food safety

Operators warned to minimise 'cancer-causing' chemical in cooking

By Daniel Woolfson

- Last updated on GMT

Acrylamide: chemical can increase risk of cancer for consumers
Acrylamide: chemical can increase risk of cancer for consumers

Related tags Cooking Food

Food safety experts have warned operators to minimise the amount of a potentially cancer-causing chemical that occurs in food cooked for long periods at high temperatures.

The British Hospitality Association (BHA) and Food Standards Agency (FSA) announced yesterday (10 January) the launch of new industry guidance, which will be available free this summer, to help operators lower acrylamide levels in their food.

Acrylamide is created when foods – particularly starchy products such as bread and potatoes – are cooked at a high temperature for an extended period of time.

Risk of cancer

The European Food Safety Authority (EFSA) has previously said that acrylamide can increase the risk of cancer for consumers of all ages with other effects understood to include damage to the nervous and reproductive systems.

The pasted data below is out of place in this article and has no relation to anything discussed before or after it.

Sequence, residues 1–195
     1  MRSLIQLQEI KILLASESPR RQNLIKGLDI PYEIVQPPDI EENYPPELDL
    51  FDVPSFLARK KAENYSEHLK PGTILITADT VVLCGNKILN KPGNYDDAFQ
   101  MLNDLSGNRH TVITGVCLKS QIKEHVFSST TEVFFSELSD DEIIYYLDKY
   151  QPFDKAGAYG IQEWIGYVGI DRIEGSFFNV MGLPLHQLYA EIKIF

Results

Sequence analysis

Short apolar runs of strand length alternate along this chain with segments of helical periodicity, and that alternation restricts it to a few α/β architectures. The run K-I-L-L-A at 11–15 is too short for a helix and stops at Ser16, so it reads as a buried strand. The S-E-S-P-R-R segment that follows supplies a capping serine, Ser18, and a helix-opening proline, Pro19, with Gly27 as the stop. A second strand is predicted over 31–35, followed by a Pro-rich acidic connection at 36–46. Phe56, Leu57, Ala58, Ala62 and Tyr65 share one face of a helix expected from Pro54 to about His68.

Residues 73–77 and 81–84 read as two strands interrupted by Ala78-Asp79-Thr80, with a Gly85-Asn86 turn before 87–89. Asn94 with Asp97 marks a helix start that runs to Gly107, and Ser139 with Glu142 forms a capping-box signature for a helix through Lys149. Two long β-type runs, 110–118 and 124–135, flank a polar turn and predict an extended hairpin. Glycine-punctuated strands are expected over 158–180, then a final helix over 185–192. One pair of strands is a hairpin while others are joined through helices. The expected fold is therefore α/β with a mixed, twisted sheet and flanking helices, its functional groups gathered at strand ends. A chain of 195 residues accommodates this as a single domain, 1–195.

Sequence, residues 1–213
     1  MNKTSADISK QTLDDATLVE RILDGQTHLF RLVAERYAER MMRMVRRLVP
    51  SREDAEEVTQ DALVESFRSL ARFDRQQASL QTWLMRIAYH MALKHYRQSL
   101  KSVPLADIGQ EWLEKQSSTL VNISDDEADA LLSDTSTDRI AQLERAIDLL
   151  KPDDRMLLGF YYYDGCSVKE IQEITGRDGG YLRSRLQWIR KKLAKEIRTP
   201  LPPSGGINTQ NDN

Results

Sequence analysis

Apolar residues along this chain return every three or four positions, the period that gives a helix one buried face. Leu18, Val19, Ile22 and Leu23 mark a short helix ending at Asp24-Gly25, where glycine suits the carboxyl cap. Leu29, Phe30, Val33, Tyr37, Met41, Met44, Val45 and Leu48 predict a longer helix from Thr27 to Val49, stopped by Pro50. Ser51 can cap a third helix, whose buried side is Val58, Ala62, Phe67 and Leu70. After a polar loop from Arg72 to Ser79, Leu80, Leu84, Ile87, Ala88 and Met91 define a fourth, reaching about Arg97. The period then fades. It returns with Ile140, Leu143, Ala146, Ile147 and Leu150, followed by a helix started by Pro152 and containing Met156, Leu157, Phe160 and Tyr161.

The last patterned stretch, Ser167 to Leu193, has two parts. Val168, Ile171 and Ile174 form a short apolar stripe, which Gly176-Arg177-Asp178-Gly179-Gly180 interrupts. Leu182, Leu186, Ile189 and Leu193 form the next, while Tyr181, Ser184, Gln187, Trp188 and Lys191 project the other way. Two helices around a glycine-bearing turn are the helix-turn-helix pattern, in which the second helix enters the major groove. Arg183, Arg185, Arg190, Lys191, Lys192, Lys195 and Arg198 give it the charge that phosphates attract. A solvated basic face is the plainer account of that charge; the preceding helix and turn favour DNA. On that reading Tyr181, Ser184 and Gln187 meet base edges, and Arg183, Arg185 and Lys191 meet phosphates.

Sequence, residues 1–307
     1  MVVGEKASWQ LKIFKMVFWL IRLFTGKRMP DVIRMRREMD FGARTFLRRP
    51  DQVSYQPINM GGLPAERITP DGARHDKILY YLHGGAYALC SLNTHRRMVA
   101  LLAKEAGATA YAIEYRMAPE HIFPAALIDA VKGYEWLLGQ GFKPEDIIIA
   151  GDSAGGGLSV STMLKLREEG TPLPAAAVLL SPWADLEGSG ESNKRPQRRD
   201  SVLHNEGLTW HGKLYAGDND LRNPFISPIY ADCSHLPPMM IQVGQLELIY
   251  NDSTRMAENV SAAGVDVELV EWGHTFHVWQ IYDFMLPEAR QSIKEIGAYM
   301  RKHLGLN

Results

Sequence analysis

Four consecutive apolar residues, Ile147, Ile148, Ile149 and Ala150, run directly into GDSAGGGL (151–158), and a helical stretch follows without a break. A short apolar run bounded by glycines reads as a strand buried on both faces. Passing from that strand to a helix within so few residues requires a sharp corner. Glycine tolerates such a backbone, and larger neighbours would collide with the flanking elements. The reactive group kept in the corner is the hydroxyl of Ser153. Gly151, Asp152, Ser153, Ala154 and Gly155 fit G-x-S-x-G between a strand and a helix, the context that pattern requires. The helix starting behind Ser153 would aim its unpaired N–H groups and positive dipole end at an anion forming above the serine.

Dr Lisa Ackerley, food safety adviser to the BHA, said: “The BHA is dedicated to making the industry guide to compliance with acrylamide regulations practical and easy to use.

“It is aimed at helping food businesses such as pubs and restaurants, and has been designed to help small businesses in particular.”


Incoming legislation is expected to require food businesses to reduce acrylamide levels to as low as is reasonably achievable, although operators will not be forced to test foods themselves.

Some of the steps businesses can take now to reduce acrylamide include cooking foods to light rather than dark colours, frying foods at lower temperatures, decreasing cooking times where possible, avoiding overheating oils and fats, and changing frying oils and fats more regularly.

The BHA also recommends storing potatoes outside of the fridge, avoiding bruised potatoes and blanching them before frying. 

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